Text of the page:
Luisa Porritt: New London Lib Dem MEP on 'imposter syndrome', what makes her angry and her first month in the job
PUBLISHED: 09:00 17 August 2019
It's June 17. A baking hot Brussels afternoon. For Camden councillor Luisa Porritt, it's like the first day of school all over again.
This is the first time Luisa has visited the Belgian capital since becoming London's third Liberal Democrat MEP in May's elections, and she's meeting fellow members of the Renew Europe group. Looking around the room, the pang of imposter syndrome strikes for the first time.
"I suddenly realise I was in a room where I am a peer with someone like Guy Verhofstadt," she said.
"It's very surreal, going and finding your name and your place. You're continually meeting new people in your own group. That feeling doesn't go away."
It's been a whirlwind 18-months for the 32-year-old. In that time she gone from being an activist, to a councillor and now an MEP. She's now deputy leader of the party's group in Brussels.
When asked if she would have believed it if somebody had put the scenario to her a year-and-a-half ago, she laughs.
"I didn't join the Lib Dems to become a politician," she said. "I just joined because of Brexit and what I saw happening to the country. It was soul destroying. Everything snowballed from there."
Luisa also had a similar feeling when introducing herself as a substitute on the Foreign Affairs Committee.
During a lunch of the members of Renew Europe, a group the Lib Dems are part of, she said she felt slightly out of place.
"Virtually every person who introduced themselves had been a top diplomat or minister in their home country.
"My story was 'Luisa Porritt, joined a political party three years ago, elected as a councillor last year and now an MEP.' That was quite surreal."
To her it's a sign of "how politics has gone wrong,"
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"There should be a wide of a range of people going into politics as possible. It is no accident that we have an Etonian Prime Minister trying to take us out of the European Union at any cost."
She is dividing her time between Strasbourg, Brussels and Belsize Park. The typical day begins with a 6am alarm, before attending breakfast meetings and getting down to parliamentary business. She doesn't often return home until close to, or just after midnight.
"It's the most chaotic when we're in Strasbourg, as that's where the plenary sessions and votes take place, and you often end up rushing around between them," she said.
Since being elected in May, Luisa, who grew up in Belsize Park, has become a familiar voice on the airwaves, TV screens and a go-to for news articles about the EU. She spoke to the Ham&High a day before taking part in Radio 4's Any Questions, alongside Nimco Ali, Shaun Bailey and Lloyd Russell-Moyle.
The day before our interview, she was told by a Tory MEP on BBC Radio Five Live that those worried about Brexit should "believe more" in Britain. It's no shock to hear it infuriates her.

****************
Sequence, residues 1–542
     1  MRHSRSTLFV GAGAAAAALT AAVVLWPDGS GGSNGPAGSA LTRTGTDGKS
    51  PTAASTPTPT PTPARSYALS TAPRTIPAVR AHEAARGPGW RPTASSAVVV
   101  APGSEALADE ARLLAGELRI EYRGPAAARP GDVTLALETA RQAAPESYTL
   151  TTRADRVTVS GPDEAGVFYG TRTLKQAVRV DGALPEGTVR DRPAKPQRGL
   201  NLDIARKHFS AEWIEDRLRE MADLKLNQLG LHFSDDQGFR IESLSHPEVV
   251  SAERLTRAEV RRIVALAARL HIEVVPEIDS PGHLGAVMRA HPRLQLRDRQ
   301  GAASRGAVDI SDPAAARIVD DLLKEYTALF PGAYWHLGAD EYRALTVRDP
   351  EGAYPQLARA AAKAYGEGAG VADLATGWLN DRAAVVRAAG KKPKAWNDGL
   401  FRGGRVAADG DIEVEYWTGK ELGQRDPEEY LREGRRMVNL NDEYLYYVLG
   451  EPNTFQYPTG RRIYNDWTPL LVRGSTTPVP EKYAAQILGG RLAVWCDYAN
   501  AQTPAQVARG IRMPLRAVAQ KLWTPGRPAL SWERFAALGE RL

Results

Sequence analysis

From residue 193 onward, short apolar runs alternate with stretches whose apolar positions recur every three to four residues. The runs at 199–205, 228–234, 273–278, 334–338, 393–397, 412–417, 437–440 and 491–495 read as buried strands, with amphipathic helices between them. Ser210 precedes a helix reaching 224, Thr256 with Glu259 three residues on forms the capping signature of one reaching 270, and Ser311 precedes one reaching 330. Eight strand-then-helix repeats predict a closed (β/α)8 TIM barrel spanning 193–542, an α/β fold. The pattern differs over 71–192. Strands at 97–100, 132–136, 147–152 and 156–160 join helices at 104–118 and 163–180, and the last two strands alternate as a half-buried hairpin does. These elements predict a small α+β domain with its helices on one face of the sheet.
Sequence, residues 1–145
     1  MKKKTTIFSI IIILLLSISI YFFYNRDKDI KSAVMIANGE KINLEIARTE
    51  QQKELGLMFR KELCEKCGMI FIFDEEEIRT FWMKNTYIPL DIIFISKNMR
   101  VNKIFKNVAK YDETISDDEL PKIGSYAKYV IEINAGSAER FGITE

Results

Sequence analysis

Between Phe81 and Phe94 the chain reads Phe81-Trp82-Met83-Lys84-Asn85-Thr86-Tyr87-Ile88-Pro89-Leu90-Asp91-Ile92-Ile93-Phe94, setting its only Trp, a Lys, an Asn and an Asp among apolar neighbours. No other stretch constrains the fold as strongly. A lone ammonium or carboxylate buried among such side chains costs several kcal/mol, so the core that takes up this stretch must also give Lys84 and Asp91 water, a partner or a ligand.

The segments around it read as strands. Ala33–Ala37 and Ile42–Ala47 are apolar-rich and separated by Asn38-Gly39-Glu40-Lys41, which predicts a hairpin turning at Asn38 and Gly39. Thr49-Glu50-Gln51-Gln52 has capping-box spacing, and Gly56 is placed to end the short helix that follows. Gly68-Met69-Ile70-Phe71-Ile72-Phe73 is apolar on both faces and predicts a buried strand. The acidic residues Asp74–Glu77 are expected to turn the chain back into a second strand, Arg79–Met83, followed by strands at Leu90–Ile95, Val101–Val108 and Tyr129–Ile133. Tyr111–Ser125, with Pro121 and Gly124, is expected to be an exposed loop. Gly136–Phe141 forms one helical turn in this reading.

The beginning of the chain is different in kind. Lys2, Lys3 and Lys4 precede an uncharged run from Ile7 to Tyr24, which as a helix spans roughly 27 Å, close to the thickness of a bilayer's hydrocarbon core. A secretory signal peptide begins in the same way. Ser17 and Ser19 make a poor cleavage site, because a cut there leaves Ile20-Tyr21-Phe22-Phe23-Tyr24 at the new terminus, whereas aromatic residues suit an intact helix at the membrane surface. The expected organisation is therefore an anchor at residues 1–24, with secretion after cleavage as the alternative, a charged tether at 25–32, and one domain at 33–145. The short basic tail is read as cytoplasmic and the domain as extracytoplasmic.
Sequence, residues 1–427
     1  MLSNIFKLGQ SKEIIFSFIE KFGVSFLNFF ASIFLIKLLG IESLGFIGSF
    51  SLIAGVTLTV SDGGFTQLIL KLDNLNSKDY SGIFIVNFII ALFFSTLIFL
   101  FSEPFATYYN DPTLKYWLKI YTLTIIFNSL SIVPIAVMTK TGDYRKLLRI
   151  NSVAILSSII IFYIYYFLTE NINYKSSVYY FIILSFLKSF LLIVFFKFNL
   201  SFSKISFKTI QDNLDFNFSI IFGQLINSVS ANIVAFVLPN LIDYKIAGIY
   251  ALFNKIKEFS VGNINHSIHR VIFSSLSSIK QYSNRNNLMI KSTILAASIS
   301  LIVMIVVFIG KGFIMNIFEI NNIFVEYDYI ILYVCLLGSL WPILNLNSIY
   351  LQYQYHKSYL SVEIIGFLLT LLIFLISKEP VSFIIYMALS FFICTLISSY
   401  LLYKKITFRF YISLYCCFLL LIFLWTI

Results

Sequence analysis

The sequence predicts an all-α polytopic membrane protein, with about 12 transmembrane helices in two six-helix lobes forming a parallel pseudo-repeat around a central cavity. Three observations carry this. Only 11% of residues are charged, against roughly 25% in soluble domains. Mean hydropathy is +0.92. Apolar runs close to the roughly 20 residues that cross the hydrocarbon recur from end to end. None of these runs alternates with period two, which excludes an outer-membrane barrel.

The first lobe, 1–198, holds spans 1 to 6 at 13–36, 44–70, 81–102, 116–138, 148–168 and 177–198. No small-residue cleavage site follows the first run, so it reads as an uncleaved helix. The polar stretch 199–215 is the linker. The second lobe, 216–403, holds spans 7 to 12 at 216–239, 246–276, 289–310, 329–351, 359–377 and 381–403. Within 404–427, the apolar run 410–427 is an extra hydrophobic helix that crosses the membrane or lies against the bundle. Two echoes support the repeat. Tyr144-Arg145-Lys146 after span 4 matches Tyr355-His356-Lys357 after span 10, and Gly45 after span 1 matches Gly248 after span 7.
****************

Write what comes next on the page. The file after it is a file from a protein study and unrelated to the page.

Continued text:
"It makes me so angry. I'm feeling angrier by the day as each day a new story comes out about the cost of a no-deal Brexit.
"People's lives are being put on the line. So to say we need to be more confident will not address those questions and challenges we're facing as a country. It really scares and upsets me that Boris Johnson and others are invoking a wartime spirit.
"Why on earth would we want to go back to that time?"
Yet the personal cost will be felt by Luisa as well. Not only are the livelihoods of her staff dependent on Britain staying in the EU, but her personal friendships are impacted by it as well.
"I have already had one of my colleagues from D66 [Dutch democrats] who sits next to me say, 'I will cry if you leave'. It does hit you. It's so sad to constantly dwell on that prospect."
Since becoming a councillor for Belsize last year, Luisa has become a considered voice on the opposition benches. She had a People's Vote motion passed in Camden Council last year, and the move even sparked a minor rebellion in the Tory back benches as Gio Spinella, former party leader, broke the whip to back it.
She says remaining in the EU is the number one issue constituents are writing to her about. With the Conservative Party's grip on parliament slipping, it's something that still looks possible as the clock tickets down.
Yet when she's asked if she's optimistic for the years ahead, she pauses.
"I don't think Boris Johnson's government will last long. I fear a Brexit on purpose or by mistake, and the effects of that. We'll find a lot more angry people if any version of it does go ahead. People are right to feel angry as there's been a chronic under-investment in our public services and there aren't enough opportunities outside of London. That's what my optimism depends on. The best way to solve it is to put it back to the people."